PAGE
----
Game of Thrones Cocktail Hour #5: A Drink Has No Name


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Speaking of likeable murderers, it’s hard to find a better example than Arya Stark.

Much like Tyrion, Arya is easy to love. She’s clever and quick-witted, she’s deeply empathetic, and she wants revenge for her slaughtered family. She’s also a skilled assassin who can literally put on other people’s faces.

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A Drink Has No Name

1oz Godiva chocolate vodka

1oz Godiva raspberry vodka

½ oz Mozart chocolate liqueur


Layer Mozart followed by both vodkas

Cocktail cherry impaled on a sword

Silver sugar rim


I am not a bartender by trade, so sometimes when I try something ambitious, it does something else. That is what happened with this drink. What I imagined was a pool of chocolate and a cherry at the bottom of the glass and a lovely layer of clear vodka above it. That is not what happened, as you can see from the photograph. It still, however, tastes pretty good! If I were just going for taste, I’d use Chambord instead of raspberry vodka, but that’s okay.


Which is to say this drink tastes like chocolate and raspberries (with a hint of cherry), and it kicks like a mule. So I do think it works for Arya Stark.

Arya’s chapters in A Song of Ice and Fire are amongst the most compelling and the most horrifying in the series, for it is through her eyes (and later those of Jaime Lannister and Brienne of Tarth) that readers truly experience the devastation of war at first hand. As Septon Meribald aptly points out in A Feast For Crows, “it is being common-born that is dangerous, when the great lords play their game of thrones” (Brienne VII). Arya is a Stark, and therefore not common-born, but she is forced into disguise after her father’s execution as she tries to find the remnants of her family.


Instead, she finds herself with a front-row seat to a parade of horrors that illustrate that there are elements on all sides of the War of the Five Kings who will use that as an excuse to inflict atrocities on innocent people. Her chapters are also some of the most rewarding to reread, because the careful reader can find seeds of events like the Red Wedding or glimpses of how various other timelines fit together since she’s mostly moving around the Riverlands, at the centre of the action.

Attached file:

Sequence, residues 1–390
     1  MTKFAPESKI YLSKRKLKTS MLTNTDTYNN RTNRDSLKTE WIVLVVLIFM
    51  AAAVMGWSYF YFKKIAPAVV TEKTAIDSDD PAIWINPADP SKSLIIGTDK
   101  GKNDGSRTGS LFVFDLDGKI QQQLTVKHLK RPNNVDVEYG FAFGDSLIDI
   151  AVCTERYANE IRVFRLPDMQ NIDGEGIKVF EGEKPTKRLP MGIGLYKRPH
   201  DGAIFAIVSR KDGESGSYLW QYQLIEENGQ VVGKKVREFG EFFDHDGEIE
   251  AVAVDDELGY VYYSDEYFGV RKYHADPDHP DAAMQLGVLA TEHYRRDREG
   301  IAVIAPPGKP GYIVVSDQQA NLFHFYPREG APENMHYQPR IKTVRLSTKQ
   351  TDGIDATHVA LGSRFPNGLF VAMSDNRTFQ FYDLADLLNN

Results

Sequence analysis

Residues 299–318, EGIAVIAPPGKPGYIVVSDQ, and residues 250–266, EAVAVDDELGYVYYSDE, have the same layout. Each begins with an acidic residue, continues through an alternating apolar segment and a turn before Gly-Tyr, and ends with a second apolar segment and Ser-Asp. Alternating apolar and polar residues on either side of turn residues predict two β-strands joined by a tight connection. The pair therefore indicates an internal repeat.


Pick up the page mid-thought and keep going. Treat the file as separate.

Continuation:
Every protector she has is taken from her and she’s forced to kill in order to survive. She’s nine years old when the story begins. Witty and adorable as Arya is, this is horrifying on a very real level, and Martin does a great job of bringing those two elements of attraction and repulsion into balance in her narration. (That she’s too young—for now—to be sexualized probably helps.)


Like Tyrion, Arya hits her breaking point at the end of A Storm of Swords when she finds out that her mother and elder brother have been horribly murdered right when she was on the point of reuniting with them. She decides to go to Braavos, on the far side of the Narrow Sea, to train as an assassin so she can return and take revenge on the people who murdered her family—she’s even got a handy list that she recites every night before she sleeps. Names only fall off that list when they’re dead.

I don’t agree with some of the choices the show has made with Arya, most notably the screenwriters’ insistence on making her bash other women when her book counterpart goes out of her way to help women in trouble. But we got a truly thrilling moment at the end of Season 6. One of the names we—and Arya—have long been waiting for has finally fallen off that list.

I have long joked about my concern that Walder Frey, one of several poster children for all that is horrible about Westeros, will somehow survive to the end of the series. At least as far as HBO is concerned, that is not the case. Much like with Varys, I refuse to think about travel times and merely rejoice in the beautifully Shakespearean nature of Arya’s revenge.

Taking a page from the Revenger’s Manual of one Titus Andronicus—who stole it from a gent named Thyestes—Arya infiltrated the kitchen staff at the Twins, killed two of Walder’s sons, and baked them into a pie.


But it’s Walder Frey. So I’m kind of okay with it.

All I want is a reunion for my beloved Stark siblings, but all of them have gone down such dreadful roads. Differently dreadful, but all horrible. But winter is coming, and the wolves need to stick together.

Previous Posts

  1. Intro & Martini of Whisperers
  2. The Red Viper
  3. Queen of Roses
  4. Impin’ ain’t easy
  5. A Drink Has No Name

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